n Journal of African Elections - Party opposition perpetually on the verge of promise : South Africa's election 2009
|Article Title||Party opposition perpetually on the verge of promise : South Africa's election 2009|
|© Publisher:||Electoral Institute for Sustainable Democracy in Africa (EISA)|
|Journal||Journal of African Elections|
|Publication Date||Jun 2010|
|Pages||80 - 109|
|Keyword(s)||University of the Witwatersrand|
National and provincial elections in South Africa, 1994 to 2009, became characterised by elusive opposition party quests to dent the electoral dominance of the African National Congress (ANC). There was ebb and flow in the fortunes of both continuous and new opposition parties as they rallied to capture significant electoral ground from the ANC. In this setting, the article poses the question whether Election 2009 delivered evidence of 'game-breaking' performances by opposition parties - feats that dented or showed the potential to harm the ANC's commanding electoral majorities. The answer, explored in detail in the analysis, is ambiguous. On the one hand, the 2009 election trends show hitherto unimagined lapses in ANC performance. On the other, the opposition parties were continuously unable to make profound electoral imprints. The ANC suffered certain setbacks, but retained commanding majorities. Explanatory factors include the serial organisational lapses of old and new opposition initiatives, along with the existence of a powerful parallel non-electoral world of democracy and opposition in South Africa - a world in which opposition politics is enacted within the ANC Tripartite Alliance, and between the ANC and citizens in the between-election periods. The ANC's ability to conduct redeeming election campaigns also helps it to retain its status as 'chosen' governing party, while further sealing the fate of opposition parties, from one election to the next. Hence, election 2009 delivered changes in the ANC-opposition party power ratio - symbolising a turning point, with the ANC having moved beyond its electoral peak yet falling short of assuming a watershed-change character.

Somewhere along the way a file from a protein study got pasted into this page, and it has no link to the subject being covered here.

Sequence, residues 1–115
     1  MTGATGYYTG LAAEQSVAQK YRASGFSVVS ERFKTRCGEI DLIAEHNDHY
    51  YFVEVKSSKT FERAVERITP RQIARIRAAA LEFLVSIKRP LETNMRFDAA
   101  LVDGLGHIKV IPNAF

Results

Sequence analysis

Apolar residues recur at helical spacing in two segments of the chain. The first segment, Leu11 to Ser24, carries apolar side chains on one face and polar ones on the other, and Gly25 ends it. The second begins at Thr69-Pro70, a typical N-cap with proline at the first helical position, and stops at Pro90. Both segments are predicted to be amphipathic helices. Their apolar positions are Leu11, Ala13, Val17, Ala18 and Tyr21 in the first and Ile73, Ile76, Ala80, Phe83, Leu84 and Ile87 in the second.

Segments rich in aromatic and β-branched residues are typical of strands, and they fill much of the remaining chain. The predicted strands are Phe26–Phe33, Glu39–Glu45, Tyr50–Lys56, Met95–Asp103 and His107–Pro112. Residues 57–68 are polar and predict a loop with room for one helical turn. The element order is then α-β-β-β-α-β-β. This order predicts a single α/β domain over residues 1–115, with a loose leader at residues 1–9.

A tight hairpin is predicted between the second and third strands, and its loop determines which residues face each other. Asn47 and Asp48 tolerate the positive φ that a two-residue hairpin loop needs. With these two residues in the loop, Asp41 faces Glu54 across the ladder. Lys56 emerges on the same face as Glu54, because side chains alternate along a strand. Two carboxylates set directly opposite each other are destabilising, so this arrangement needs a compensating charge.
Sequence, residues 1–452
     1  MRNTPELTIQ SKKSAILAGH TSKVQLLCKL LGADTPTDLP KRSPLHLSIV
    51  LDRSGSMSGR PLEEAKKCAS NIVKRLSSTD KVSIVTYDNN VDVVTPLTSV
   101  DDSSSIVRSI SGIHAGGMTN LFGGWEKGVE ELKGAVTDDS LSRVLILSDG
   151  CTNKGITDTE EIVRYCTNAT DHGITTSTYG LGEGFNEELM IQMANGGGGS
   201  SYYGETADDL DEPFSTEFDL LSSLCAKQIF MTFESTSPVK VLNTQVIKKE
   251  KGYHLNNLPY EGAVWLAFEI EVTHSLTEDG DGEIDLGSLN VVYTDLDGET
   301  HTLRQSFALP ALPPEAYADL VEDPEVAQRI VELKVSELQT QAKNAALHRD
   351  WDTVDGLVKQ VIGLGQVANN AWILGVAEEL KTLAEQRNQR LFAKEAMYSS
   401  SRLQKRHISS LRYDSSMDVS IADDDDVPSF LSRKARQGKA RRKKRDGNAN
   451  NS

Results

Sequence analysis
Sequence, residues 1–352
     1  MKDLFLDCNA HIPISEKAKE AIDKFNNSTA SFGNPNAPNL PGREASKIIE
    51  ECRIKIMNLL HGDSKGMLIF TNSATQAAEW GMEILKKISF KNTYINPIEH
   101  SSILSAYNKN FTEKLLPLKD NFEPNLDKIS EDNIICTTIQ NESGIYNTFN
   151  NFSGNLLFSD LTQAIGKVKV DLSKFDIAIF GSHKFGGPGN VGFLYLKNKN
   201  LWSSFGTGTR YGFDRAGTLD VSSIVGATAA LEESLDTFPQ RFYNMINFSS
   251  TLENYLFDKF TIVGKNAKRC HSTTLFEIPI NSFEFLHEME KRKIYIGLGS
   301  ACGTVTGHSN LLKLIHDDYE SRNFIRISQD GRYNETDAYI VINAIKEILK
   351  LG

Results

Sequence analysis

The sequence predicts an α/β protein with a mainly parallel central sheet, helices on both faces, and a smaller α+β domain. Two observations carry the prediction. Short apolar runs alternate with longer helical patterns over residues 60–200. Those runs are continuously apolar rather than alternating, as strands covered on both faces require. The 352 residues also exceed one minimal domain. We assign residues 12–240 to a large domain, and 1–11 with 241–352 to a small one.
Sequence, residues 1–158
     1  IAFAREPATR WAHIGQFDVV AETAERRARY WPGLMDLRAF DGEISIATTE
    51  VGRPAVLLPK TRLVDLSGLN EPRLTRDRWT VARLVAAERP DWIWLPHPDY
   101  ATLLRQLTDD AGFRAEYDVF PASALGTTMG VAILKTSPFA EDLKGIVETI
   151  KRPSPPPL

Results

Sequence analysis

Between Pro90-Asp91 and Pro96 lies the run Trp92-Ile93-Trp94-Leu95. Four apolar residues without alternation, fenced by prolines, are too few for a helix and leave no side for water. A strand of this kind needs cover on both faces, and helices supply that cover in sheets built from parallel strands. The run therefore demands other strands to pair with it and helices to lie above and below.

Article metrics loading...